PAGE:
He said that because the internet is an interstate service, only Congress can pass legislation "that gives all consumers and internet services providers the clarity and consistency needed for a free and open internet". The agency's order repealing its net neutrality rules cites a long history of preempting state law. OR actually passed a similar state legislation protecting net neutrality earlier in 2018. It also prohibits them from throttling traffic on the basis of content and from prioritizing traffic.
Inslee said he was confident of its legality, saying "the states have a full right to protect their citizens".
Another half dozen tech companies are jumping into the legal battle over the FCC's decision to undo net neutrality rules. But FCC Chairman Ajit Pai, who was appointed to the head of the commission by President Donald Trump, succeeded in repealing the policy a year ago.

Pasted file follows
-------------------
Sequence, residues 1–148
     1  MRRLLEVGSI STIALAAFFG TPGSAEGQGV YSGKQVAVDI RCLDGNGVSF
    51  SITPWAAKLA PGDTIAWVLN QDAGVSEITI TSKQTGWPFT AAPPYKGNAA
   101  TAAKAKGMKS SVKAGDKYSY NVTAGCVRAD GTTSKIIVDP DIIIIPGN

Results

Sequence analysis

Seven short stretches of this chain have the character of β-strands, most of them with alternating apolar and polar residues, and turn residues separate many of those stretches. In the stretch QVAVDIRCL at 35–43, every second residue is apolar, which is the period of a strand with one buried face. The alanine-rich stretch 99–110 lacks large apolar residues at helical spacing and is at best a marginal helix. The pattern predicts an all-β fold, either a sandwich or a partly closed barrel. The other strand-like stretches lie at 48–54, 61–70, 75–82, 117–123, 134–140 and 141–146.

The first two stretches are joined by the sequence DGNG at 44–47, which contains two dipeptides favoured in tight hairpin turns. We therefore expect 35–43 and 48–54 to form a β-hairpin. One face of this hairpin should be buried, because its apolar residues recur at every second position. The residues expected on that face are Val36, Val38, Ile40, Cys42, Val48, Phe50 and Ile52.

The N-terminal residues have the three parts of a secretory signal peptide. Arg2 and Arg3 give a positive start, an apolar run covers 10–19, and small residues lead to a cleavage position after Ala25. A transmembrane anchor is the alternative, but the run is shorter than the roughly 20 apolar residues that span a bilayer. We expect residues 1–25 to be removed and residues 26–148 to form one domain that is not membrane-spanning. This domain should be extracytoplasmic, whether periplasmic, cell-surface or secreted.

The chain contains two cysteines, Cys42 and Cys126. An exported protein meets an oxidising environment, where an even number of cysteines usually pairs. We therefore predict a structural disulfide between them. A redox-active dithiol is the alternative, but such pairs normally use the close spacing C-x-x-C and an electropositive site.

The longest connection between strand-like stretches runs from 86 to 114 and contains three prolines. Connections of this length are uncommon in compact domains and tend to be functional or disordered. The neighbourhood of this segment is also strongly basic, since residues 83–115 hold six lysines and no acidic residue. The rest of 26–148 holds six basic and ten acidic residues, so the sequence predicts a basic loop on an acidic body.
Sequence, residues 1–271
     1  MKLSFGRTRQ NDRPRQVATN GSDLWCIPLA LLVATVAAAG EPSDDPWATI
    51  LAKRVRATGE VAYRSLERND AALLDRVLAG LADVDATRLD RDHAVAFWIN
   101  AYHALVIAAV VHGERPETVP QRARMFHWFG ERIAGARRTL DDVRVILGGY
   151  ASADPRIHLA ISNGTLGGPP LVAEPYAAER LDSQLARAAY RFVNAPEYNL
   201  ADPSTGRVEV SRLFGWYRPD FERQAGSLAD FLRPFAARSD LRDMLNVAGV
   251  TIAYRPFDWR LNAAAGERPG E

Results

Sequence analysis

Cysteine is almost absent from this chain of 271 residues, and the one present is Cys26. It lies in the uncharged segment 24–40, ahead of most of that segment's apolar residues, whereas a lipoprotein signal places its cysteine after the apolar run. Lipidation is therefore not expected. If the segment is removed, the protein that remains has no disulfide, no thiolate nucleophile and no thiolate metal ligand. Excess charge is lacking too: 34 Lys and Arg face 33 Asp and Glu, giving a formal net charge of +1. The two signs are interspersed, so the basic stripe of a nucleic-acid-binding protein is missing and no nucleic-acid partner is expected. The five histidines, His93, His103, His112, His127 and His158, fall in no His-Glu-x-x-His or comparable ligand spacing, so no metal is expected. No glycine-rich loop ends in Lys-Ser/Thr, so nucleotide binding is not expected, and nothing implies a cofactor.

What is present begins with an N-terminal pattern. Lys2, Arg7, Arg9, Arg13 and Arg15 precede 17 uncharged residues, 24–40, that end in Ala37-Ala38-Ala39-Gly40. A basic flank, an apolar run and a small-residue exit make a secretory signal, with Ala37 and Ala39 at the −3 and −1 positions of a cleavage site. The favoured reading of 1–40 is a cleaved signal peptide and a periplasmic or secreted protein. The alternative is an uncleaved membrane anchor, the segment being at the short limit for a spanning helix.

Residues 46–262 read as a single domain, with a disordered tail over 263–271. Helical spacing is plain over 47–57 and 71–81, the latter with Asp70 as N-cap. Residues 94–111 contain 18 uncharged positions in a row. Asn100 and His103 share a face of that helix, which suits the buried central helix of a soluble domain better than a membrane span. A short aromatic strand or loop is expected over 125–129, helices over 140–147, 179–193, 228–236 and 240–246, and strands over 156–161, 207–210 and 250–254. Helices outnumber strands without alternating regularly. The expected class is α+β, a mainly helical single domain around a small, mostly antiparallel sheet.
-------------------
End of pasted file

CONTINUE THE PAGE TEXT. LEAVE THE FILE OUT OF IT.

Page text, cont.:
The Washington State law, which goes into effect June 6, bars internet service providers from blocking websites or charging more for faster delivery of certain sites in a way that benefits the broadband company and partner websites. They've argued the 2015 rules were too burdensome and held back investments.
"This is not a partisan issue", Norma Smith, a Republican who co-sponsored the bill in the House, said in a statement last month.
Although Gov. Inslee said during the signing that Washington is "the first state in the nation to preserve the open internet", it isn't exactly the case, as the Associated Press mentioned. It allows a student in Washington to connect with researchers all around the world - or a small business to compete in the global marketplace. During a ceremony for the bill signing, he called the legislation a "free speech bill".
More: Net neutrality: The FCC voted to end it. The difference is that Washington's law will put new requirements on ISPs, and that violations will be enforceable thanks to the state's Consumer Protection Act.
Twenty-two states and the District of Columbia, led by New York Attorney General Eric Schneiderman, filed a suit federal court in Washington, D.C. last month challenging the FCC's new rules.